GREENWALD: Well, I think the really important point here is there have been many efforts on the part of the ACLU and other advocacy groups to go into court and to challenge the constitutionality of the surveillance system and to ask federal courts to rule about whether or not what the Obama administration, and Bush administration before them, is doing is actually consistent with the Fourth Amendment. And rather than let those lawsuits proceed, the government has continuously said it is too secretive to allow courts to review and because we do all of this in the dark, nobody can prove they've been eves dropped on and therefore don't have standing to sue.

So if this is really legal, why doesn't the government allow federal courts to rule on whether or not our constitutional rights are being violated as citizens? It's because they do everything in secret, which is why we need whistle blowers to come forth, like Mr. Snowden, so that we can have some transparency on political officials.

GUTHRIE: The government comes in, makes the argument that this is protected by the State Secrets Privilege, then a federal judge rules on that, and in this case, a federal judge has said that the State Secrets Privilege was asserted properly. That is within the law, is it not?

GREENWALD: Right, actually that's not at all what happened. What happened was the ACLU went into court and asked for a ruling on the constitutionality of the law and what the federal government said is, "You have no ability to prove that your clients were actually eaves dropped on. You can't prove they were subjected to surveillance because everyone that we surveil, we keep that a secret. And therefore your clients have no standing to sue."

Part of what the documents include that he turned over is a list of the people that the U.S. government has been targeting. And one of the reasons he did that was so those lawsuits finally can proceed so that we can now know who has been subjected to this surveillance so they can go into court and ask a court ruling – for a court ruling on whether or not this is a violation of the Constitution to have this massive surveillance system aimed at millions of Americans regardless of whether there's evidence of any wrongdoing.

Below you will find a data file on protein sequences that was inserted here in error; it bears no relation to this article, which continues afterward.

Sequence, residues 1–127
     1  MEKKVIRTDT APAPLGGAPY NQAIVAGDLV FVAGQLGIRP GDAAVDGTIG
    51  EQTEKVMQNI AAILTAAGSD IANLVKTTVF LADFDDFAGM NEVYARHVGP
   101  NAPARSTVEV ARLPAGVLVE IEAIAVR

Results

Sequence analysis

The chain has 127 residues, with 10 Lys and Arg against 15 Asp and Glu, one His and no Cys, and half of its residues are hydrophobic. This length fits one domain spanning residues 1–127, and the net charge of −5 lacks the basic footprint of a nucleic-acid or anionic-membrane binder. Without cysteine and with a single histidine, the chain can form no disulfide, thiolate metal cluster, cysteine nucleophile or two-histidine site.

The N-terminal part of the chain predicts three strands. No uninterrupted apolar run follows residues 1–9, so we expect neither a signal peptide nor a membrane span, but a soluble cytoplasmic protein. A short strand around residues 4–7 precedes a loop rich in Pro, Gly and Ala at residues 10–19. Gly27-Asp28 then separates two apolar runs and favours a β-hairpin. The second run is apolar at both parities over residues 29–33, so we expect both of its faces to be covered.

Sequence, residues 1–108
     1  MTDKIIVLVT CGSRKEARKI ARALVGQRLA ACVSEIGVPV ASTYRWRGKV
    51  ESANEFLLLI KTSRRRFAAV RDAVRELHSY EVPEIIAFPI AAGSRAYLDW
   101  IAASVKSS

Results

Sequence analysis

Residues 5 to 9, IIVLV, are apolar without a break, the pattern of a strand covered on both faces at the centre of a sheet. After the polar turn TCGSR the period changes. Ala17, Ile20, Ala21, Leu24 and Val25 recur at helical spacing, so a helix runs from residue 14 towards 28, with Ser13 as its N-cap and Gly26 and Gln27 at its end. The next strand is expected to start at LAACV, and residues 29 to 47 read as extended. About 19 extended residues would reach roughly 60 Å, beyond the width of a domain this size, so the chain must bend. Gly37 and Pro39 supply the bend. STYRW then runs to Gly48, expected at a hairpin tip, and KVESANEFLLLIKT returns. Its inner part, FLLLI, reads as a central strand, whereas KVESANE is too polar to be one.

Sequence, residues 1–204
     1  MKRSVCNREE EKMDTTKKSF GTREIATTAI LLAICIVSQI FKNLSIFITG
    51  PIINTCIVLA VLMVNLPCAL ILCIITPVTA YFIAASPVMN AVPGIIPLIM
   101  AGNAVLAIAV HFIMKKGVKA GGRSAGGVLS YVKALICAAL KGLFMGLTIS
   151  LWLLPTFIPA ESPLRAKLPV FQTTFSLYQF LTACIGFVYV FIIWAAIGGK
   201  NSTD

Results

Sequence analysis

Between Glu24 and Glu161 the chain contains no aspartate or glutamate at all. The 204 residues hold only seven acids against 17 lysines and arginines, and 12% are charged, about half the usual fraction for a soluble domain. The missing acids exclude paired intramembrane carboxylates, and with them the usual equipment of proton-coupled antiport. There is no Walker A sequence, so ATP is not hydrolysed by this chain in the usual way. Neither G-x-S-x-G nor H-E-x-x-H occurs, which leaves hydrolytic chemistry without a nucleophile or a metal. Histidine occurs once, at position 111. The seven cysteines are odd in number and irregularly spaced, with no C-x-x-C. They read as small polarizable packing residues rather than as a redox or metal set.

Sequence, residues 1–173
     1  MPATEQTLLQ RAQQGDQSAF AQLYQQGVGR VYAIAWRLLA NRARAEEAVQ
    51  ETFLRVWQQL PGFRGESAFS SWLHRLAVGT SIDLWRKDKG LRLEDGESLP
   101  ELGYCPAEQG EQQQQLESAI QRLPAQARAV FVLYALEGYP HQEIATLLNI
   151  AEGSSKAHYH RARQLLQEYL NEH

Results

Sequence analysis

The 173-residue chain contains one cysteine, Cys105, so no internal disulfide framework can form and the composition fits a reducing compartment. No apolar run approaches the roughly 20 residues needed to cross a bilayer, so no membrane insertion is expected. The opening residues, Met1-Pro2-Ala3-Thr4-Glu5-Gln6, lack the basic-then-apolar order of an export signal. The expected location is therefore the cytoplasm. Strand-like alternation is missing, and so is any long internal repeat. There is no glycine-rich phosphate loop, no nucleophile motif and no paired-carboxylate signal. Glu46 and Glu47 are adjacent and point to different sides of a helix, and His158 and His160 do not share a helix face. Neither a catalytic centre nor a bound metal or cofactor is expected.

GUTHRIE: And then finally, as you well know, the Director of National Intelligence James Clapper called these revelations "literally gut-wrenching." In response, you tweeted, "Save some melodrama and rhetoric for coming stories. You'll need it."

GREENWALD: Right, because in every single case over the past four to five decades when there are revelations of wrongdoing that is done in secret, what the strategy of the U.S. government is, is come out and try and scare the American public into saying, "These people have jeopardized you. There's going to be a terrorist attack." There is not a single revelation that we provided to the world that even remotely jeopardizes national security.

The only thing that has been jeopardized is the reputation and credibility of the people in power who are engaged in this massive spying program and wanted to do it in the dark. And as journalists, I think our number one obligation should be not to allow government officials to scream "terrorist" and try and scare people every time there's transparency brought to them, but instead scrutinize whether those claims are valid. And there's not anything that we disclosed to the world that can remotely or conceivably be said to harm national security in any way.

GUTHRIE: Alright, Glenn Greenwald, thank you for your perspective this morning, we appreciate it.

GREENWALD: Thank you for having me.

Kyle Drennen
Kyle Drennen
Kyle Drennen is a News Analyst for MRC